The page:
Particularly Hazardous Chemical Definitions

A particular chemical substance and associated laboratory operation, procedure, or activity considered sufficiently hazardous to require prior approval.

The following classes of chemical are considered particularly hazardous:

Allergen (Sensitizer)
A foreign agent or substance that is capable of causing an immune response in an individual. In most cases, initial exposure results in a normal response, but repeated exposures lead to progressively stronger and abnormal responses.

Regulated Chemicals
Use of any chemical that has an OSHA substance specific standard should be reviewed to ensure potential exposures do not exceed action levels or permissible exposure limits (PEL). Employee exposures must be maintained at or below permissible exposure limits (PEL) for chemicals specified in 29 CFR 1910 Subpart Z.

Physical Hazards
A chemical for which there is scientifically valid evidence that it is a combustible liquid, a compressed gas, explosive, flammable, an organic peroxide, an oxidizer, pyrophoric, unstable (reactive), or water reactive.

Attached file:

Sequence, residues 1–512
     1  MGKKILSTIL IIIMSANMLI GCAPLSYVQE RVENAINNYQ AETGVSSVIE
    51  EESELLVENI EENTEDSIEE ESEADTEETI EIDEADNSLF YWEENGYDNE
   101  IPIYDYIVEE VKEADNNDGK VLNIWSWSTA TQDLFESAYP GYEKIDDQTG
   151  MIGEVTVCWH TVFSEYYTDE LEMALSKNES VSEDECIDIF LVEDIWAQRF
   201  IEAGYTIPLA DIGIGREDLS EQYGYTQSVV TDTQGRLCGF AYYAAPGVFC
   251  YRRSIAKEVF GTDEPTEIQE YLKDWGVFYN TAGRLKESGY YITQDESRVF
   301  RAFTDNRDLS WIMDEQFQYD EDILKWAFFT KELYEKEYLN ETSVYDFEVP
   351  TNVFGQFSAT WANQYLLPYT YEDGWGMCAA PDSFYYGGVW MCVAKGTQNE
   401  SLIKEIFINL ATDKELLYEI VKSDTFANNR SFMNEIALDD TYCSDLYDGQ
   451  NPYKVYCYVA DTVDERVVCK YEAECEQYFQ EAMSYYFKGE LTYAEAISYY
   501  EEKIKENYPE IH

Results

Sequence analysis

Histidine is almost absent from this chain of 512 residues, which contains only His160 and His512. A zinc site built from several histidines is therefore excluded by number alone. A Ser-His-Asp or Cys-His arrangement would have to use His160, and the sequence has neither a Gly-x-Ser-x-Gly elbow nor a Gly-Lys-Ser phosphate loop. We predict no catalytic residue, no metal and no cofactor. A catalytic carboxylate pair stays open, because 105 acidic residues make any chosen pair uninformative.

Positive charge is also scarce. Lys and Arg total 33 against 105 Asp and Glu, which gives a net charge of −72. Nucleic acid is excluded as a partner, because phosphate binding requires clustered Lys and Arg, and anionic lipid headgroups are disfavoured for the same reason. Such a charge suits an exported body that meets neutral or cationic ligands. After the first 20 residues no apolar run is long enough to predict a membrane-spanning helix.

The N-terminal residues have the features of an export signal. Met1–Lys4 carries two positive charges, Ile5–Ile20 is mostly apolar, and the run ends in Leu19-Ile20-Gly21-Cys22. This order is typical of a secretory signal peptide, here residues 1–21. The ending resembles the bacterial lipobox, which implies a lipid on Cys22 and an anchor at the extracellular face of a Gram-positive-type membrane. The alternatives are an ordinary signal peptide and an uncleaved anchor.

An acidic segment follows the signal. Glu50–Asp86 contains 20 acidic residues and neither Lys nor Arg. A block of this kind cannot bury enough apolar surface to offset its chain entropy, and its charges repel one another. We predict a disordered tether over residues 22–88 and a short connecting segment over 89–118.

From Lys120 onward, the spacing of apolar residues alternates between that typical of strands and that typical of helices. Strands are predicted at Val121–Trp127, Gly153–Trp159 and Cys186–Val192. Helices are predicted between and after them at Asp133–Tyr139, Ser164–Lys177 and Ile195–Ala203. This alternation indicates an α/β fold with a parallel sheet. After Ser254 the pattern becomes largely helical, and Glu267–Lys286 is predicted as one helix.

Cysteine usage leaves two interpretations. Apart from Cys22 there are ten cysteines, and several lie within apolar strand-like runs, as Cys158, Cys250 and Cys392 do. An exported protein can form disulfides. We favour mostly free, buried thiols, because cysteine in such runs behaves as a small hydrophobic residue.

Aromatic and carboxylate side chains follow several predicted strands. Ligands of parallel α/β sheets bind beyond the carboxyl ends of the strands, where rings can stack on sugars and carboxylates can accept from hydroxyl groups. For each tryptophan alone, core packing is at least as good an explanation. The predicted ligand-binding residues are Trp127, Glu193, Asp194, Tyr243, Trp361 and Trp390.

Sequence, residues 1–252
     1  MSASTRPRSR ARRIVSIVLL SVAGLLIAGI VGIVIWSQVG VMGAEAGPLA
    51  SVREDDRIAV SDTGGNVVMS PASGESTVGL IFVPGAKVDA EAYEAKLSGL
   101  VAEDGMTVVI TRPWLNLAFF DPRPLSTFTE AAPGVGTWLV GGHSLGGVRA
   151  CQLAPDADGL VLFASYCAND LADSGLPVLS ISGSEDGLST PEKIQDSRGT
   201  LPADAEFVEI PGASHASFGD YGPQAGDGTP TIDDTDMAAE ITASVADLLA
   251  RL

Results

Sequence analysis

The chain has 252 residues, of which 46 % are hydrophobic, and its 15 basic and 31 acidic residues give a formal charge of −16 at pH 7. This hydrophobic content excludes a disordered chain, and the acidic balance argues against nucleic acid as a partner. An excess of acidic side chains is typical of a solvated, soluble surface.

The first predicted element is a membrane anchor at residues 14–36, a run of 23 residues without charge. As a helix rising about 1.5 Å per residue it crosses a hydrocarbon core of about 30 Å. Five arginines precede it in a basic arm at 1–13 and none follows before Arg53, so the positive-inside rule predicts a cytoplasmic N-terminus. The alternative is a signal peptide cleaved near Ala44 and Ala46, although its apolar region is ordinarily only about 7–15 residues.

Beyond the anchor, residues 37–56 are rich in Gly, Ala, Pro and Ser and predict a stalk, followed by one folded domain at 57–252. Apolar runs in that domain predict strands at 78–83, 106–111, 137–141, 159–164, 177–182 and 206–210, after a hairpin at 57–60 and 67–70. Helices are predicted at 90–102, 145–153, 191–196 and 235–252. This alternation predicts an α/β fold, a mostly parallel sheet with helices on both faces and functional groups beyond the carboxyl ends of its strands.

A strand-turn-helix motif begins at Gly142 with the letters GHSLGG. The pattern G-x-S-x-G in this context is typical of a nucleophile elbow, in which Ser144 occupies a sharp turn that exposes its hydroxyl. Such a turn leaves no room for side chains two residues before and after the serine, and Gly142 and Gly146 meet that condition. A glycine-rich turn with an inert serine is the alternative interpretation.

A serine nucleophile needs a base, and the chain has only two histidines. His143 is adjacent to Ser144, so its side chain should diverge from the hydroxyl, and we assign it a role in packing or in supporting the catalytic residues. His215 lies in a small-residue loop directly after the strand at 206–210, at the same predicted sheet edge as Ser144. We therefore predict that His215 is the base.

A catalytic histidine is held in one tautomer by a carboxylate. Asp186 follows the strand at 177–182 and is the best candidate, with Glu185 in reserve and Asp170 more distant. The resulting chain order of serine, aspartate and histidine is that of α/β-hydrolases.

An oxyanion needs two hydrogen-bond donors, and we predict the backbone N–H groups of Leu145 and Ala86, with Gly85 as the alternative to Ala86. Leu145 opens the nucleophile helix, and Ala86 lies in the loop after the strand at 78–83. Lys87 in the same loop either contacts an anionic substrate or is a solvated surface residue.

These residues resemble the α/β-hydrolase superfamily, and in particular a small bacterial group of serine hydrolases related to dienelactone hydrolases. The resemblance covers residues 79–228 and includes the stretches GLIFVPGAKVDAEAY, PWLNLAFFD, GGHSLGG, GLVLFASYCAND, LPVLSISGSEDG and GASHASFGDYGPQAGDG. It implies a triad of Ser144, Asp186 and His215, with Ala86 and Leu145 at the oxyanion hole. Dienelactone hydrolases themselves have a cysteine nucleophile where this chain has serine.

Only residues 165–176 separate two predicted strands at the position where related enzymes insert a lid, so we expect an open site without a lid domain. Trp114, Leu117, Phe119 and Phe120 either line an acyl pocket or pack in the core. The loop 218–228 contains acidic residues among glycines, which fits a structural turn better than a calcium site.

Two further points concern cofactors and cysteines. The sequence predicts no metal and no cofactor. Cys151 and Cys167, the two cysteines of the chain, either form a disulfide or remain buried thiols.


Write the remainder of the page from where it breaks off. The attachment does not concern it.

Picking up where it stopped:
Reproductive Toxins
Health hazard that targets the human reproductive system; includes teratogens and mutagens.

High Acute Toxicity
Acute toxicity is the adverse effects resulting from a single dose or single exposure to a substance. Ordinarily refers to effects occurring within a short time following administration. A chemical is considered acutely toxic if:
  • The LC50 (inhalation) = <200ppm
  • The LD50 (dermal route) = < 200 mg/kg body weight
  • The LD50 (ingestion) = < 50 mg/kg body weight.

Select Carcinogen (High Chronic Toxicity)
A select carcinogen meets one of the following criteria:
  • It is regulated by OSHA as a carcinogen
  • It is classified as a “Known” or “Anticipated” carcinogen by the National Toxicology Program (NTP)
  • It is classified as a “1, Human”, “2A, Probable”, or “2B, Possible” carcinogen by the International Agency for Research on Cancer (IARC)  

If the project is funded, the following requirements must be met:

  1. An updated Chemical Hygiene Plan.
  2. The development of a Standard Operating Procedure (SOP) specific to that task.
    1. SOPs should address:  instruction for the safe use of the chemical, consideration or assignment of “designated areas” for material use, use of containment devices, personal protective equipment, and instructions regarding handling of contaminated waste, spill response procedures, and decontamination procedures.